Pauline Parker and Juliet Hulme met in school during the 1950s. Instant best friends, they proceeded to spend every minute possible together, often writing about a fantasy land of their own invention. More and more estranged from their respective families, the two girls realise that they are extremely different from most other people, and agree to take any steps necessary to ensure that they are not seperated. The two families are increasingly concerned about the girls' friendship in a strictly moralistic era.Written by
Murray Chapman <email@example.com>
The film received restricted or adults-only certificates from most countries' film rating boards, but a lenient PG rating in its native New Zealand. See more »
On the day Juliet coughs up blood in class, the date written on the chalkboard is 11 May. Although in real life, Pauline's diary notes that 11 May was the first day Juliet coughed up blood, this event occurred during the May holidays when the girls' school was closed. See more »
[Director Peter Jackson opens with the scene that should, logically, end the film: that is, the moments immediately following the murder. The girls Juliet and Pauline run screaming up the hill-path to the tea-house, sobbing and covered in blood. The scene is intercut with b&w visions of the two running across a ship deck to meet Dr. and Mrs. Hulme, whom they both refer to as their mother, as the first three exclamations of "Mummy!" demonstrate]
[...] See more »
Preceding the opening credits: "During 1953 and 1954 Pauline Yvonne Parker kept diaries recording her friendship with Juliet Marion Hulme. This is their story. All diary entries are in Pauline's own words." See more »
The original ending included a final ship sequence in which Pauline, stranded on the dock, watches Juliet and her family sailing away. The camera cuts to Pauline, then pans back to reveal her alone on the dock with her mother's bludgeoned body at her feet. The screen fades to black and we hear Pauline scream "No!" before the epilogue appears. See more »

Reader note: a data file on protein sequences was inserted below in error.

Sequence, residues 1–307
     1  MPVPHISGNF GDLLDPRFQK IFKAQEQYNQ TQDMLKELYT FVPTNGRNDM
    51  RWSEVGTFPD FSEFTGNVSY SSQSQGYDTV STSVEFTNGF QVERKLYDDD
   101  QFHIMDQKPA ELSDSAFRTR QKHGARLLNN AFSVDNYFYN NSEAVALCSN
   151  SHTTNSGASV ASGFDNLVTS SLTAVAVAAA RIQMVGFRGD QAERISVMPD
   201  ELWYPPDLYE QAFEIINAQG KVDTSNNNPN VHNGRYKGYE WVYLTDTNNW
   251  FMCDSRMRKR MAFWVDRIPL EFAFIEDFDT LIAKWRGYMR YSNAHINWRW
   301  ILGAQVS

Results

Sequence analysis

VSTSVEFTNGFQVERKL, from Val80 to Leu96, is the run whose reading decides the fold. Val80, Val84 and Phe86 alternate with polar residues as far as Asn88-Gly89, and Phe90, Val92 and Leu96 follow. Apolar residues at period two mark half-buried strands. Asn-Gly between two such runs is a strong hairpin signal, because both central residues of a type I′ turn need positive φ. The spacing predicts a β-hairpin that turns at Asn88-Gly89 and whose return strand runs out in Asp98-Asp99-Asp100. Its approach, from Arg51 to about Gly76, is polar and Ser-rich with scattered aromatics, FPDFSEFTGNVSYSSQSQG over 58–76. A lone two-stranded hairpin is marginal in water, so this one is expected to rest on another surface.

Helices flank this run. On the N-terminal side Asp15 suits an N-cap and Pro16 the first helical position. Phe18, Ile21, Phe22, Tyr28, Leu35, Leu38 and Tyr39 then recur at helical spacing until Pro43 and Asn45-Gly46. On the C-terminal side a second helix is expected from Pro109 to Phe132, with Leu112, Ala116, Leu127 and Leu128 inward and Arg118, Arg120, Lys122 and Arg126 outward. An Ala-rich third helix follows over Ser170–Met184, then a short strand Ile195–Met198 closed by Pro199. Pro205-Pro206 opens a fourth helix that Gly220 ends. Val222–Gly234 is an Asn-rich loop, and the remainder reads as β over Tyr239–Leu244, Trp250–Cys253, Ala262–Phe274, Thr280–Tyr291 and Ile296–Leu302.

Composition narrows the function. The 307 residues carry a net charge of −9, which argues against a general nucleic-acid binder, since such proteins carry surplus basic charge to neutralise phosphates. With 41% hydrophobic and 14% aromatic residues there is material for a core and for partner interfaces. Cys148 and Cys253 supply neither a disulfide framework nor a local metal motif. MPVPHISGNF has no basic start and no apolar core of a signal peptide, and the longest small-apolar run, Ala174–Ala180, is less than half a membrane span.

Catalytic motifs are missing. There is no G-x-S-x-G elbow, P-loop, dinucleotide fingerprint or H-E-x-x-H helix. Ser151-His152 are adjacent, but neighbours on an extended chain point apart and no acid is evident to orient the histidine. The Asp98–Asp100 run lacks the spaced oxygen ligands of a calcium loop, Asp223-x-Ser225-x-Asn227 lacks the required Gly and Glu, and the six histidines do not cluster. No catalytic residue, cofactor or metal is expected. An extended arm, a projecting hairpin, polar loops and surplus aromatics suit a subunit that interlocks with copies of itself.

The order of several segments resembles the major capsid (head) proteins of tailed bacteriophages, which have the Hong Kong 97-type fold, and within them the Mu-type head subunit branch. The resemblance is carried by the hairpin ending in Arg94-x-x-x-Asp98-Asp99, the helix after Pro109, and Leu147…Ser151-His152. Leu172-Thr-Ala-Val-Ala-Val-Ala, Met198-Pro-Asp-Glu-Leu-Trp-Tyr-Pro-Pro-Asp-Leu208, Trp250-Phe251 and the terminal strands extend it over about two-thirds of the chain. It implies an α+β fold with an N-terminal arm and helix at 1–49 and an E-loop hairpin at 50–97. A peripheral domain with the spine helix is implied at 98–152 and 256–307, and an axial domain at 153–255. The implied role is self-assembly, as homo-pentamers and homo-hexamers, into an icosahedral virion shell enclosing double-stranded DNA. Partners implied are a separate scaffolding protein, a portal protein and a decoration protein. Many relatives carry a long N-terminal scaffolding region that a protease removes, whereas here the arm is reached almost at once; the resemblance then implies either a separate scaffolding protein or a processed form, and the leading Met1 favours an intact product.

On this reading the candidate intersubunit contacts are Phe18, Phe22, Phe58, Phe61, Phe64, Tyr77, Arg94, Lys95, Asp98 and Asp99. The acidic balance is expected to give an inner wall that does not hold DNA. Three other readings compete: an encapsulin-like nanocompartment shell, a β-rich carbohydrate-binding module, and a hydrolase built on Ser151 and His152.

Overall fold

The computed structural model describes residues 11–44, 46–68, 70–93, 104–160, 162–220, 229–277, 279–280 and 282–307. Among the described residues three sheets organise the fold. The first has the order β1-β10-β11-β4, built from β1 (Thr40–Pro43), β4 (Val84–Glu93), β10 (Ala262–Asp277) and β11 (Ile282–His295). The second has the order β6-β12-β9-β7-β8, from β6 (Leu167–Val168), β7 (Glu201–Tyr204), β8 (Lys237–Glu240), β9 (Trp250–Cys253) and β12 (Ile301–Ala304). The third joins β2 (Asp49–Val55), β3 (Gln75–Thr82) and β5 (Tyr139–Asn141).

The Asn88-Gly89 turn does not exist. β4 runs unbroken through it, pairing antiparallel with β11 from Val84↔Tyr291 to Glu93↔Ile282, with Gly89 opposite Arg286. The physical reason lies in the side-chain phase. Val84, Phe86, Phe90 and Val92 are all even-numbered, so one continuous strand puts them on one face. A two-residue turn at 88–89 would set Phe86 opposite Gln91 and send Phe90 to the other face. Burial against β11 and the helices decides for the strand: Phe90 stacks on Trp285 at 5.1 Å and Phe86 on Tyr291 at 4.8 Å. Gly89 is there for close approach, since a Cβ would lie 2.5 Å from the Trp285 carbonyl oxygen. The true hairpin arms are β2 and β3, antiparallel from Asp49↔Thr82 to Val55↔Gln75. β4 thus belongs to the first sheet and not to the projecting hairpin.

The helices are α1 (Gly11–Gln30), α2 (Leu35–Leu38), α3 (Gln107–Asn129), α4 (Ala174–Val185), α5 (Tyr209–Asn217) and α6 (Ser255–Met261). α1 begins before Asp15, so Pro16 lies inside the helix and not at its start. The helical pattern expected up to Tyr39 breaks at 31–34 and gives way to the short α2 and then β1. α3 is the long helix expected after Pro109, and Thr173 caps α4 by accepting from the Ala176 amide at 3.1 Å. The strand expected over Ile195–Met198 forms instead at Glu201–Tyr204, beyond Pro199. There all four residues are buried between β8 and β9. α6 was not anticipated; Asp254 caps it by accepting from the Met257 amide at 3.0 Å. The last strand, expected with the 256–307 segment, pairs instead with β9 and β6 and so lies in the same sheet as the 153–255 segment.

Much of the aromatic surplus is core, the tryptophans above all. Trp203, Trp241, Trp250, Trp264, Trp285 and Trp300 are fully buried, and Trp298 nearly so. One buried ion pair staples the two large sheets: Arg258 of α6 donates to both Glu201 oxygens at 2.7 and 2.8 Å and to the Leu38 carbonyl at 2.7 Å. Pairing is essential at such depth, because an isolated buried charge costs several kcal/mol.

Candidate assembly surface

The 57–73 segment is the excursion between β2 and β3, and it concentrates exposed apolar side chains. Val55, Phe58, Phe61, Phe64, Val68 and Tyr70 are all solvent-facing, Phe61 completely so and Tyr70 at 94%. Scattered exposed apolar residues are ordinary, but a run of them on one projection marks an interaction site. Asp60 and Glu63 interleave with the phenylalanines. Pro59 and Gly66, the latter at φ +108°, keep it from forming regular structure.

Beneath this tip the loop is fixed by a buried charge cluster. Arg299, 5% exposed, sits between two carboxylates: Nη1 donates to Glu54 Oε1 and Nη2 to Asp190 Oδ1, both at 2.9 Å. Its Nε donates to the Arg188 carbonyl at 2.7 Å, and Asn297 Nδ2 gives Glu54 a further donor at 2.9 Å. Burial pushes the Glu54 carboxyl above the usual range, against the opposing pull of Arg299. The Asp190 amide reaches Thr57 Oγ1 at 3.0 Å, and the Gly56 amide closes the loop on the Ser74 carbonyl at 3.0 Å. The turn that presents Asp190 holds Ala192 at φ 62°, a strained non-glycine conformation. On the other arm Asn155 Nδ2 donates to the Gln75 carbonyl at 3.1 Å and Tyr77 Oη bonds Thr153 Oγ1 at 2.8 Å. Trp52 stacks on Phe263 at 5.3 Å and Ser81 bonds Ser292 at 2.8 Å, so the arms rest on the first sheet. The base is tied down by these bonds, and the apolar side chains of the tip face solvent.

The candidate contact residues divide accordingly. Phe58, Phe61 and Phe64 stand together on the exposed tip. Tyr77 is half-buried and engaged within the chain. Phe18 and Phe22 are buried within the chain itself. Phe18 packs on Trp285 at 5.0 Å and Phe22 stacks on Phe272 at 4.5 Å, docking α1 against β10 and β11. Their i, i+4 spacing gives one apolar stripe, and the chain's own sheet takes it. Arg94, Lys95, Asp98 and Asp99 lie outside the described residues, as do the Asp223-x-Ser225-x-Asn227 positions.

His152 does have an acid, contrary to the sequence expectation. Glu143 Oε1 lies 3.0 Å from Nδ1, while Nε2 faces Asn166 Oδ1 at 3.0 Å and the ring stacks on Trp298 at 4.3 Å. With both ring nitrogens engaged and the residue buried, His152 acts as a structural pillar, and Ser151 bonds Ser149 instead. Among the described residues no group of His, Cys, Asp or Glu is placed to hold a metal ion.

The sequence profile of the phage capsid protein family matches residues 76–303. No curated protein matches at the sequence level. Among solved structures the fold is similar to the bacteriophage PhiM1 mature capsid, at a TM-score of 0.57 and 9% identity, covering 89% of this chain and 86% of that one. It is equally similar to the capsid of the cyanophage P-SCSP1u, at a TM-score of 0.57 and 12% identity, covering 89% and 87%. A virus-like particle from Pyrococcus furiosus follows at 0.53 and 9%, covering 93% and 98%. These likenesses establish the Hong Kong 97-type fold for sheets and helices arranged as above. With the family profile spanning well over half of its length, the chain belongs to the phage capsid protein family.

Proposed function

Heavenly Creatures, based on a true story, is written, directed and produced by Peter Jackson of Lord of the Rings fame. This film captivates, catching you off guard.
Jackson sets the audience up in the beginning by focusing on the tranquil, predictable world of 1950s Christchurch, New Zealand. Before long, the peaceful world is exposed for what it is, repressed.
Two teenage girls, Juliet and Pauline, befriend each other at a private girl's school. They find out they have a lot in common. Sharing a world of fantasy and make believe, leads to an insane reversal. Their fantasy world becomes their reality.
Once they cross that line, their otherwise superficial, conventional world is turned upside down. All the repressed dysfunction surfaces. Ironically, Juliet's mother is a psychotherapist who doesn't see her daughter's neurosis becoming a psychosis. Eventually, Pauline and Juliet go off the deep end, drowning in their make believe world. By the end of the film, they do the unthinkable.
Kate Winslet is superb as Juliet. The rest of the cast is outstanding. Peter Jackson does a masterful job of capturing the essence of 1950s religious repression in New Zealand. It could be England or American in the 1950s. Heavenly Creatures will appeal to anyone who enjoys psychological twists and turns.
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